The Onion’s Big Fail, And What It Demands Of Us
A tweet by the satirical magazine The Onion about Beasts of the Southern Wild star Quvenzhané Wallis reveals an endemic failure of our society.
The latest Academy Awards ceremony was filled with fail for Latinos. The host, Seth McFarlane made fun of Salma Hayek, Javier Bardem and Penelope Cruz on the basis of their accents; Lupe Ontiveros was left out of the “In Memoriam” segment; and Ben Affleck was rewarded for whitewashing the lead character in his movie Argo. Irritants, one and all.
But the biggest fail of the night — the one we cannot let go of — happened in the twitterverse, where the satirical magazine The Onion was tweeting about Oscar-related doings. At some point during the night they tweeted about Quvenzhané Wallis — the 9-year-old African-American Oscar nominee who dazzled audiences with her performance in Beasts of the Southern Wild — by saying the young girl was a c*nt.
The twitterverse exploded, both with those decrying the vile tweet and though it is hard to imagine this, a not insubstantial number of people defending as satire or comedy or transgression-to-make-a-point.
This moment of fail was broad enough to hit a lot of people, then narrowed as it went deeper to reveal an endemic failure of our society: our racism. At its widest and shallowest, The Onion chose to use terminology that is always used as a gender slur against women, sexualizing and turning them into a body part. The insult narrows and deepens with the fact that the sexualizing slur was flung at a child, whose very youth is likely to make this an emotionally damaging and demoralizing incident.
But it doesn’t stop there. At its most profound, The Onion’s tweet was deliberate damage done to an African-American little girl. As many African-American women pointed out on twitter, nothing comparable ever occurred to the young (and white) Tatum O’Neal, Abigail Breslin, Drew Barrymore or Anna Paquin, and if it had, the outrage would have been much greater and more uniform
There is a pattern in which we, as a society, deliberately vilify or insult young African-American girls. Think not? Here are two recent examples:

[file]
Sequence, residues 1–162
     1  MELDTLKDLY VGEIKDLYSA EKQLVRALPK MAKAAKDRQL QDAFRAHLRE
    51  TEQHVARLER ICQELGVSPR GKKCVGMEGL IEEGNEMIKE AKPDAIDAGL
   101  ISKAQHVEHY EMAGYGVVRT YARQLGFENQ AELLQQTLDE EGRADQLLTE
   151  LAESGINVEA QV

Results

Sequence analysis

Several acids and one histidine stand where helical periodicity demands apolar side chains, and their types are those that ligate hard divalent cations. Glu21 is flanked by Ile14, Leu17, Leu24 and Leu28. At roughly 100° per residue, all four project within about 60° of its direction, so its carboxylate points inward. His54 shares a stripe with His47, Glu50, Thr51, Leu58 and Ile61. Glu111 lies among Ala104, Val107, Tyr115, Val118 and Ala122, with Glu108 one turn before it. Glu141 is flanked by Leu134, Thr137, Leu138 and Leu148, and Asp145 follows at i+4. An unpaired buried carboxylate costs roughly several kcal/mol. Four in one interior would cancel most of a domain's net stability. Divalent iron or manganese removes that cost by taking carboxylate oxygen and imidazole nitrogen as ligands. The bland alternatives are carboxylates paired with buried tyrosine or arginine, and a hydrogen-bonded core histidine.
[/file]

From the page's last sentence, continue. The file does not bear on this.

When the movie the Hunger Games was about to be released, there was a bit of buzz about commentary on the casting. Some fans of the book expressed public horror at the fact an African-American girl was cast in the role of Rue (a secondary character whose death is one of the most affecting moments of the book). They went so far as to baldly state that the death no longer affected them the way it had when they imagined the character white and blond, and even created a fan trailer to suit their vision.
We watched the American women’s gymnastics team at the past Olympics, and subjected Gabrielle Douglas — the sole African-American young woman and the first member of the team to medal as an individual — to incessant critiques of her appearance. We were staring down undeniable accomplishment and talent and all we saw were the days when her hair was bad. Her hair. We did nothing even remotely equivalent to her teammates.
Many of those criticizing The Onion’s tweet placed it in the context of a long history of sexual violence and abuse toward African-American women and girls.
Predictably, among The Onion defenders are those who are saying the uproar is political correctness gone mad, and those who insist it is all within the realm of humor. When the web site Latino Rebels posted something about it on Facebook, they were asked by one of their followers what it had to do with Latinos.The excuses and the blinders are almost enough to make us want to throw up our hands.
But if we are unwilling to step forward to protect another’s child from harm ... if we are unwilling to raise our voices to decry a child being used and abused, even when it is not our own child ... if we are unwilling to celebrate every child’s accomplishments, and bless their dreams with open hearts ... how exactly do we face our own children? How do we ask them to grow up to be kind and just and engaged adult members of society when we have abdicated exactly those qualities?
The Onion did in fact post an apology the day after the Academy Awards. But the apology doesn't mitigate what this incident calls us to do. Can we commit to neither be participants in, or make excuses for, this kind of verbal assault and vilification? Can we work to strengthen the bonds between the African-American and Latino communities so that if something like this occurs again, we decry it in one voice, together?
Our much vaunted, newfound Latino political clout isn’t worth a damn unless we’re willing to have it stand for justice. And for the legacy — both in words and action — we leave for all children.
Photo from New America Media.
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